I suggest that if you intend to read right the way through this post that you make yourself a cuppa, get a nice biscuit, sit down, take a deep breath and read on. You see it has been nothing short of full-on for the past two weeks or so and I assure you that I have plenty to tell you about. We’ll begin what seems an eternity ago on Wednesday 27 July.

We had been visited at the Magic Caravan here in Alyth 2 days earlier by Mary’s brother Bruce, wife Gillian and the two children, Thomas the human whirlwind and Sophie the fairy princess. We had lunch together in the awning and at some point Bruce mentioned he was going on a historical walk around St. Andrews (he works there at Madras College) guided by a former colleague and Chemistry teacher. Mary of course said she really fancied going along too and as I have never turned down a chance to visit my Alma Mater – studied there ’71-’76 – we told Bruce we would turn up at the meeting place (The Central Bar!) on that Wednesday at 10 a.m.

Now that may appear a tad adventurous of us at first glance. No, not the historical tour, you silly things. I mean of course promising to be in St. Andrews at ten in the morning when we are resident on a campsite near Alyth. That’s a good 30 miles to travel including crossing Dundee from north to south at heavy traffic time. Added to that, Lord and Lady Burton aren’t world-renowned for getting up just after dawn, the crack of or otherwise. Indeed we sometimes wonder if we could get a clock with a dial that only spans 10 a.m. until 1 a.m. as the intervening hours are not popular with us. But Mary was super-confident and determined to take the tour and I wasn’t far behind.

At half past eight that Wednesday morning we were up, showered, fed and brushed. By 08.45 we were on the road to Dundee, over the Tay Bridge by half past nine and parked up in the grounds of Madras College (Nice one, Bruce!) by ten. Inside the Central Bar we were introduced to fellow participant Olaf, a Depute at Bruce’s school, and the guide who was introduced to me as Ross Napier. “Not Ross Napier, ex-hockey internationalist” I quipped. “The very one” came the reply. I couldn’t believe it as the guide was a contemporary of mine at the University and I remembered him as a terrific hockey player alongside my old pal Chris Healey, as well as a useful football player in the Sunday League. He didn’t really recognize me of course as I spent most of my time in the library studying. I’ll wait while you stop laughing!

The tour itself was laid-back and interesting and although we knew many of the things Ross pointed out and explained to us we learned a great deal more about the history of the “Home of Golf”, a quite bloody history might I add. They certainly enjoyed a good old burning at the stake did the residents, seemingly happy to burn both Catholics and Protestants alike! Quite surprisingly, John Knox himself escaped the execution pyre because he was actually too valuable to get rid of after he’d been captured. Lucky boy!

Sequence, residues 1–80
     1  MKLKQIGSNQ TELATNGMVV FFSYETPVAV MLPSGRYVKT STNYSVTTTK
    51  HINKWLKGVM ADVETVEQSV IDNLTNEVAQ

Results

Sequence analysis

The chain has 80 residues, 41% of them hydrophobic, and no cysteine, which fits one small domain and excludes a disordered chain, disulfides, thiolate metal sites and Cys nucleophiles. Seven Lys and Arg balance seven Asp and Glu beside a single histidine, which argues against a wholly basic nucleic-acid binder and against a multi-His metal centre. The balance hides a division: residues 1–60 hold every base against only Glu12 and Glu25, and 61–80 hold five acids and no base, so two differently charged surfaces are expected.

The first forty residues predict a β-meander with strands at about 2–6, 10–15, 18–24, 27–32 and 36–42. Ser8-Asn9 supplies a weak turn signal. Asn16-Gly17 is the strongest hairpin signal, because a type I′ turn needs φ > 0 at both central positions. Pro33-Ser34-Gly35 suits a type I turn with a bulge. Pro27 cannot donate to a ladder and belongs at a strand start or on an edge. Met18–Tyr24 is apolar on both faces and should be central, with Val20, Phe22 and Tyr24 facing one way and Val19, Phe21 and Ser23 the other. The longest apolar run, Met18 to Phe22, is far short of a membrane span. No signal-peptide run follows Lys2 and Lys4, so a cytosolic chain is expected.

Ross, Olaf, Bruce and Mary discuss the Cathedral

Ross, Olaf, Bruce and Mary discuss the Cathedral

We visited St. Salvator’s church, quadrangle, the castle, the cathedral, St. Mary’s College (where I studied Theology) and some of the old buildings. Behind the postgraduate hall of residence Dean’s Court, we were ushered into a delightful set of gardens where we paused to appreciate the scene and the utter silence of this inner yard. We were also shown a plaque recounting the meridian line established by James Gregory way before the Greenwich Line took over.

The Plaque in South Street near St. Mary's College

The Plaque in South Street near St. Mary’s College

A highlight for me was a look inside a café which occupies the ground floor of the former Old Students’ Union on North Street. I have many fond memories of this place during my first and second years of study at St. Andrews and I went to ask if I could get upstairs to the area where the snooker rooms used to be but they are all modernised now. I still dream about the higgledy-piggledy stairways within this rabbit’s warren of a building. We had lunch for old times’ sake with Bruce in that Old Union building then bid him farewell, but it wasn’t back to Alyth for us. Oh no, we drove back over the Tay, on East out of Dundee and up to Gavin’s in Arbroath where we had been invited for tea.

Arry on her princess chair from Spain

Arry on her princess chair from Spain

Gavin was alone with granddaughter Arry while Mum Eve was down in London with friends. We spent some time out in the garden playing with the bairn then had tea together before I took on the role of story-reader for my wee gem. I did it brilliantly of course and in no time she was happily in the land of nod. This gave us some time to catch up with Gavin before it was time to head back to Alyth which we intended to reach via the wee roads of Angus instead of down to Dundee and out again. Victoria was asked to keep us right and she did, finding the absolute shortest route via roads one car-width for 10 miles at a time and passing through some excellent farm yards. Pitch black, full beam, trees, rabbits, geese, tractors, owls, you name it, we saw it!

Two days later, I dropped Lady Burton off at her sister Ally’s house and headed down the dual carriageway to Perth then Crieff then Comrie just outside of which I’d hired a static caravan on a farm as the base for this year’s Munroamers. There were only to be the four of us this year with Greg stuck at his work harvesting on the estate. What a pity! I got there first and settled down to wait for Scott who arrived a couple of hours later. We then prepared tea as we awaited the arrival of George and Gavin who made it by 20.30. Tea was a paella made partly from a tin I’d brought back from Vilanova, but with extra chicken, chorizo (sorry Spanish friends!), prawns and peas added.